The commitment of this company is what impresses, a sense of collaboration and dedication. The Bavarian State Ballet’s triple bill, Portrait of Wayne McGregor, was an ideal showcase for their talents.
The three half-hour works featured two recent pieces – Kairos created for the Zurich Ballet in 2014 and Borderlands for San Francisco Ballet in 2013 – as well as a new commission for the Munich company, Sunyata, which had its world premiere on 14 April.
The word Kairos can refer to the weather, in modern Greek, or the opportune moment for doing something in Ancient Greek. McGregor seems to have been inspired by both meanings as the score is Max Richer’s quite glorious reinterpretation of Vivaldi’s The Four Seasons, and Lucy Carter’s bold lighting freezes the dancers at certain moments in time with strobes and gauzes.
Kairos has the dancers physically inside the music as they move between front and back projections of musical notation. British artist Idris Khan’s set is dominated by a dark grey semi-circular wall that delineates the dance area and which the dancers move around, and even claw at and rub against leaving scratches and traces of sweat. The wall rises during the piece, casting strong black shadows across the stage. The dancers are often picked out with follow spots from above the stage that dramatically sculpt their bodies. It is ‘McGregor slick’, and so are the dancers.
Jonah Cook stood out – a dancer who was promoted to Principal last year by Igor Zelensky. He is pale, red-headed and intense: Munich’s own Edward Watson. McGregor’s demanding moves were never mechanical when filtered through his body, and he has a captivating stage aura.
During the first interval, two punters were dismissing Kairos as being ‘Wayne McGregor’. Apart from its unique look and sound, yes, it has many of his trademark moves, but isn’t that a good thing? He has his own voice, like it or not. If I eat fish and chips, I don’t want them tasting of chocolate and strawberry. Of course, sometimes I order plaice instead of cod, but I’m still getting fish and chips. I resisted asking them why they had bought tickets to an all-McGregor programme.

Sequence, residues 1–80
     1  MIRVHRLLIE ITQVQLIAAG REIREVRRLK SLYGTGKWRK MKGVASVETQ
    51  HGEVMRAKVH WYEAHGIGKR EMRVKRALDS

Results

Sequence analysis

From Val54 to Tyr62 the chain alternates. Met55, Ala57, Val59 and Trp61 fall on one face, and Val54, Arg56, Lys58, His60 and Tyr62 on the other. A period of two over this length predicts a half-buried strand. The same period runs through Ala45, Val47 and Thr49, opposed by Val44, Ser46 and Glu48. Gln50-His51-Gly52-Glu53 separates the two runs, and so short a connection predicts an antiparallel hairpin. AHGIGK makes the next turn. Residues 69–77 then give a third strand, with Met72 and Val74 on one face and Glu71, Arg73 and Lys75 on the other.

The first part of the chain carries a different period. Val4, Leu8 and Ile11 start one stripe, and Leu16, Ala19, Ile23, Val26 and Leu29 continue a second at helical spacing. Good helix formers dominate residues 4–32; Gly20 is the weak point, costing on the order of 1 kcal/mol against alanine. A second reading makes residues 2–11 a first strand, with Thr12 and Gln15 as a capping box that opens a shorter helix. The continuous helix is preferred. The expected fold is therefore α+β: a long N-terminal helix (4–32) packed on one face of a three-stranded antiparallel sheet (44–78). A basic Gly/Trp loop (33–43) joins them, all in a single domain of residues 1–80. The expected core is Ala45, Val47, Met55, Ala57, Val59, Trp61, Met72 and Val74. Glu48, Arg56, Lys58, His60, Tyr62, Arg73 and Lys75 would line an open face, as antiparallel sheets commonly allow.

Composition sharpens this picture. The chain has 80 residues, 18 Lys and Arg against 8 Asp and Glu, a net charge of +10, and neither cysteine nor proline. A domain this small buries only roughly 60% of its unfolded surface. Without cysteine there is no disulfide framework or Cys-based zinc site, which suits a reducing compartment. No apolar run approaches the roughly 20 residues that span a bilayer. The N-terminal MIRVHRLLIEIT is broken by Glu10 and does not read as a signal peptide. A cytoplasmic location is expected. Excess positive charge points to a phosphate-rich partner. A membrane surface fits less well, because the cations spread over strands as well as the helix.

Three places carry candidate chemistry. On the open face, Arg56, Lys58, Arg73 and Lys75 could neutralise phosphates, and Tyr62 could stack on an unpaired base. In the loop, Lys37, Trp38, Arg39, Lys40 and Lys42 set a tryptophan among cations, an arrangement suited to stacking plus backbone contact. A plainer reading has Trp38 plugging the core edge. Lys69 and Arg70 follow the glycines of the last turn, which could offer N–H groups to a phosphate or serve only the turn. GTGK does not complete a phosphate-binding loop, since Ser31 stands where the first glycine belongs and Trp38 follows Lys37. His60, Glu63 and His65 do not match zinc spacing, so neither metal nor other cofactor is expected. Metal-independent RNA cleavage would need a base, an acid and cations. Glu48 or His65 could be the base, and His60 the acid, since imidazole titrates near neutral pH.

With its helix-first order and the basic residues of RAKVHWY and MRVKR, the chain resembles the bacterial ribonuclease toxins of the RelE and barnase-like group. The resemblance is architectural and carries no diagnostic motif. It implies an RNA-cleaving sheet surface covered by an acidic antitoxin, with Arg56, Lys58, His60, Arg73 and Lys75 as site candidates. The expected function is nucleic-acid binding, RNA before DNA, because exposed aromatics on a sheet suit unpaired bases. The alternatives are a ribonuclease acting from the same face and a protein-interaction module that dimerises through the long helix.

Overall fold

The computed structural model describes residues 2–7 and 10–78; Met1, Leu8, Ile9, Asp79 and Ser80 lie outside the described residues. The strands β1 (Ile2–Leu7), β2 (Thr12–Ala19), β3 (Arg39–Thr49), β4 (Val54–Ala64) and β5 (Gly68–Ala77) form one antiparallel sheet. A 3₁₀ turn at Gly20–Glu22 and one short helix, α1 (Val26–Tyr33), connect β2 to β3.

The new work is certainly ‘Wayne McGregor’, but very different from the other two works on the programme. Sunyata springs from six poems by Persian Sufi mystic Rumi, and Finnish composer Kaija Saariaho has used them to compose a new piece for full orchestra, beefed up with extra percussion for oriental colour. On stage, however, there are just four couples, and the mood is generally lyrical, often in sinewy slow-motion, disturbed by jabs and thrusts.
Rumi was born in 1207 in present-day Afghanistan yet today he’s one of the world’s best-selling poets. His gift for universal communication has seen his words appear on coffee mugs and in internet memes. He has inspired Deepak Chopra, Madonna… and McGregor. Persian art – turned at 90° so as not to dominate the stage picture – has a cut-out circle revealing a bright red backlit panel, and the piece cut out is laid on the floor – a circular Persian rug! Circularity is the topic of one of Rumi’s six poems. The red panel slowly rises during the piece leaving a black hole, dramatically lit by Carter, creating some stunning stage pictures.
Several dancers seemed reticent as though the moves were not entirely in their bodies. It was not the opening cast so maybe they just lacked rehearsal and stage time. They perform in various conformations, but McGregor doesn’t pull the audience’s attention to one place or another, rather like the Persian backdrop where all the figures are the same size whether in the foreground or in the distance – viewers can gaze idly and settle on what grabs their attention.
Borderlands was inspired by Joseph Albers’ book “Interaction of Colour” on how colour can change mood and atmosphere, and by his “Homage to the Square” paintings. McGregor puts his dancers inside those paintings, those environments. Joel Cadbury and Paul Stoney’s ubiquitous electronic score flows over the auditorium, and Carter’s ever shifting, moody lighting, creates a dangerous, and sometimes sexually tense, Blade Runner like world. The twelve dancers were edgy and brutal — Stefano Maggiolo and Jinhao Zhang were especially powerful. Their efforts were rewarded with a long ovation from a packed house. It was richly deserved.
Graham Spicer is a writer, director and photographer in Milan, blogging (under the name ‘Gramilano’) about dance, opera, music and photography for people “who are a bit like me and like some of the things I like”. He was a regular columnist for Opera Now magazine and wrote for the BBC until transferring to Italy.
His scribblings have appeared in various publications from Woman’s Weekly to Gay Times, and he wrote the ‘Danza in Italia’ column for Dancing Times magazine.